But spiritual pride is different. It is a disease of the soul. Indeed, it is the disease of the soul, a deadly disease that afflicts everyone. Spiritual pride is a curving in on oneself, a way of putting one’s self at the center of life. Spiritual pride leads us to replace God with self as the most important thing in life. Spiritual pride is to proper self-regard as a malignant cancer is to healthy tissue. It is ego run amok, self-respect turned to self-infatuation and self-worship. It is the most basic sin, the one that gives rise to all the others.

And it is spiritual pride that triggers each of the things love does not do. Spiritual pride makes us boastful—when I replace God with myself, my soul becomes hollow, and I try to fill the echoing emptiness with the admiration bought by my attempts to impress others. Pride makes us arrogant—if I think I am the center of the world, then everyone else must serve me, revolving around me like planets around the sun. Pride makes us rude—if I am convinced that I am really more important than anyone else, then I will not care how I treat them.

Love’s Humility

But in contrast to all this, love is humble. Once again we need to understand what a Bible word really means. In biblical terms, to be humble is not to be convinced you are worthless or unimportant, nor does it require you to deny real gifts. Humility is not a handsome man trying to convince himself he is ugly or a brilliant woman pretending she is stupid.

No, spiritual humility is the opposite of spiritual pride. It is recognizing our dependence. It is consciously giving to God his proper place at the center of all things and over all things, so that I see myself as his dependent creature, neither more nor less important than every other member of his human family. Love is humble, not proud, when it recognizes the equal worth of everyone and seeks to serve everyone.

Christians reject the pride that uses people and the rudeness that ignores and belittles them because we believe that every human being is a creature made in the image of God, and as such must be well treated, served with dignity and respect. Humble love causes us to help everyone and not to see anyone as “beneath” us or not important enough for us to care about. In fact, Christian love reaches out especially to help those whom the world so often considers unworthy of protection and help: the weak and the poor, the stranger, the immigrant, the unborn, the elderly, the sick, the disabled, the unattractive and unwanted.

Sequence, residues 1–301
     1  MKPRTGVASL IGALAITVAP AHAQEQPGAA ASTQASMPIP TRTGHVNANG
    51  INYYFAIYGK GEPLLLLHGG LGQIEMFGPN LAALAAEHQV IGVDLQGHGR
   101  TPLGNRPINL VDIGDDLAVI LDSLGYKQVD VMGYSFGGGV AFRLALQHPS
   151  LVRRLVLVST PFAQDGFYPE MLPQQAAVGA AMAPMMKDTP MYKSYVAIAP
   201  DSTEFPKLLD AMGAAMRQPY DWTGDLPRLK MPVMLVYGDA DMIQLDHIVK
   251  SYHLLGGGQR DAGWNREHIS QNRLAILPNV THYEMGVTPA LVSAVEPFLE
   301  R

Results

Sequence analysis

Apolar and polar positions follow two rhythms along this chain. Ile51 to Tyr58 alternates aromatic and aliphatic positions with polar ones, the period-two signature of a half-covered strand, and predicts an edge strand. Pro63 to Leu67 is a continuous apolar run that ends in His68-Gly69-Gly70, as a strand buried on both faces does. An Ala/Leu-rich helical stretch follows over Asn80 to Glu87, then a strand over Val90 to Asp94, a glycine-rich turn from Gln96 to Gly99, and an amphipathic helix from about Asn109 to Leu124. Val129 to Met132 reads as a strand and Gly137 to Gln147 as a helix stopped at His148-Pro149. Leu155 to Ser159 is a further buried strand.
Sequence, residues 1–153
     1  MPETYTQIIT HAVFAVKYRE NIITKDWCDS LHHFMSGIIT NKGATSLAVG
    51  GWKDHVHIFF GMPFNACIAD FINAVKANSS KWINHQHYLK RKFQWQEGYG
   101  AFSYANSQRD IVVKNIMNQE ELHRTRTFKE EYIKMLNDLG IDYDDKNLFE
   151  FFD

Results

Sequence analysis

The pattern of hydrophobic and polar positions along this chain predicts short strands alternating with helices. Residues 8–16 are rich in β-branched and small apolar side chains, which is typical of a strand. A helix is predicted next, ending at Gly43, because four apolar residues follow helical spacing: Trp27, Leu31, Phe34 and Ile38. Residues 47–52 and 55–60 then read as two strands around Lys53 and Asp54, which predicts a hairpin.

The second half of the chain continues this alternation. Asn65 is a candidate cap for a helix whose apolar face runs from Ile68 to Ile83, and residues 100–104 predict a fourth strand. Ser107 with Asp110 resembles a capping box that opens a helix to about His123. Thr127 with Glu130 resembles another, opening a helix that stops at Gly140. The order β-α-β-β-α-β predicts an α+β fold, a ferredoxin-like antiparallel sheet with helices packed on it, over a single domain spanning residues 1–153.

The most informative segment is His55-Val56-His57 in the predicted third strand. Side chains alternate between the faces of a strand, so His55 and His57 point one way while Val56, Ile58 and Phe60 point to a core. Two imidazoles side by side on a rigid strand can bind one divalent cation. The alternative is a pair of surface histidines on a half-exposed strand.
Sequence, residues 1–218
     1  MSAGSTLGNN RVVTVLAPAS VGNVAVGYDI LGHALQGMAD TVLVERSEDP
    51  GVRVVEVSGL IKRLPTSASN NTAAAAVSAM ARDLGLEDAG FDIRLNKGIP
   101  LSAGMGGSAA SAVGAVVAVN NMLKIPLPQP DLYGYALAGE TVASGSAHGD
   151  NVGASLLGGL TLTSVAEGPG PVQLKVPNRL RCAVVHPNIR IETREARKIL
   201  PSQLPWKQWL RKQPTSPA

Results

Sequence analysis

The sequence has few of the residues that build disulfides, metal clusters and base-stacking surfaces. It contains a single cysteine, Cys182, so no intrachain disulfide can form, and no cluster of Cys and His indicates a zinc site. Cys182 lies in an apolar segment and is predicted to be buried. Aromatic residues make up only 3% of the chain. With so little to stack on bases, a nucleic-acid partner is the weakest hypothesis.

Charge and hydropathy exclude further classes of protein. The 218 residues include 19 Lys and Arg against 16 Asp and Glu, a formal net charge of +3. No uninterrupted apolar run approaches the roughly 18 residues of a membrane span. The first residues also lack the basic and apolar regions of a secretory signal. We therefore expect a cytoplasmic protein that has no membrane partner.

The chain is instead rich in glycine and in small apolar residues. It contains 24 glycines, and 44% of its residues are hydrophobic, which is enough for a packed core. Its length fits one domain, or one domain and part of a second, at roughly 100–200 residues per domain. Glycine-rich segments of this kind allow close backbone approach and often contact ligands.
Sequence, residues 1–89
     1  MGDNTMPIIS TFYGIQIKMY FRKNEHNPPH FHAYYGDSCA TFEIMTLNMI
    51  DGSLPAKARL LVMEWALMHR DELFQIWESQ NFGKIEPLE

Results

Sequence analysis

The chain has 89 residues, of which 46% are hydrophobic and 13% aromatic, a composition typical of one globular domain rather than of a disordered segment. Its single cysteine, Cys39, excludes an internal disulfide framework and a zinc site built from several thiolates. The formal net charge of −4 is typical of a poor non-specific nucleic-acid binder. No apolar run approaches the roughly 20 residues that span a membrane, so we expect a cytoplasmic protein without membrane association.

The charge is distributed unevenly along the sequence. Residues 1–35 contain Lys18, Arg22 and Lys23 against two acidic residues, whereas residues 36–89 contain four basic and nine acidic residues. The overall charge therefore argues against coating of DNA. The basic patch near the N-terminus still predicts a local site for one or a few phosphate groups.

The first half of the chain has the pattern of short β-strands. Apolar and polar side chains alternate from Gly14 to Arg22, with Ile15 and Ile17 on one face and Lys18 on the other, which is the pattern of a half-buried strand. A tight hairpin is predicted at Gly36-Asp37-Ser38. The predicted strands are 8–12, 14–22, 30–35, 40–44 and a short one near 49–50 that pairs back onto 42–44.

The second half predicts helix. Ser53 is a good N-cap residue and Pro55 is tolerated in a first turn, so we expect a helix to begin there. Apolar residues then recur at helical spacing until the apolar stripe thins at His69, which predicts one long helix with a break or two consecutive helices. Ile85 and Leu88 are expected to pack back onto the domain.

The Mind of Christ

The truth is, if we’re ever going to love at all, we need a heart transplant—or perhaps I should say, a mind transplant. We need to change our self-centered minds for the mind of Christ.

Do nothing out of selfish ambition or vain conceit, but in humility consider others better than yourselves. Each of you should look not only to your own interests, but also to the interests of others. Your attitude should be the same as that of Christ Jesus: Who, being in very nature God, did not consider equality with God something to be grasped, but made himself nothing, taking the very nature of a servant, being made in human likeness. And being found in appearance as a man, he humbled himself and became obedient to death—even death on a cross! (Philippians 2:3-8, NIV)

Jesus Christ is the greatest example of humble love there ever has been. Though he was in very nature God, he did not consider his divine status something to be grasped and held onto tightly, but he freely gave it up. He made himself nothing, taking the form and nature of a servant. Christ gave up the glory of heaven to assume the humiliation of life on earth as a man. And as a man he humbled himself still more, stripping himself of every shred of respect, descending lower and lower into humiliation and pain and suffering, even to death on a cross.

Maybe you have heard the little phrase “RHIP – Rank Hath Its Privileges.” Among us, having power usually means getting whatever we want for ourselves. But with God it is different. With God, having the highest rank means stooping to the lowest depths. His infinite power only gave him the “right” to make an infinite sacrifice of love. The only privilege Jesus exercised in his life was the privilege of giving up everything, even life itself, for the sake of those he loved. This is what it means to be God. To be God means to love. It means to give, and to suffer, and to serve, and to serve through suffering.

Do you know this love of God in Jesus Christ? You can. You can open your heart to it right now, at this very moment, by asking God to reveal himself to you and pour his love into you. If you do, it will change you. It will change the way you think. It will change the way you act. It will change the way you live. It will teach you the humility of love.

About the Author

david bast

Rev. Dave Bast retired as the President and Broadcast Minister of Words of Hope in January 2017, after 23 years with the ministry. Prior to his ministry and work at Words of Hope, Dave served as a pastor for 18 years in congregations in the Reformed Church in America. He is the author of several devotional books. A graduate of Hope College and Western Theological Seminary, he has also studied at both the Fuller and Calvin seminaries. Dave and his wife, Betty Jo, have four children and four grandchildren. Dave enjoys reading, growing tomatoes, and avidly follows the Detroit Tigers.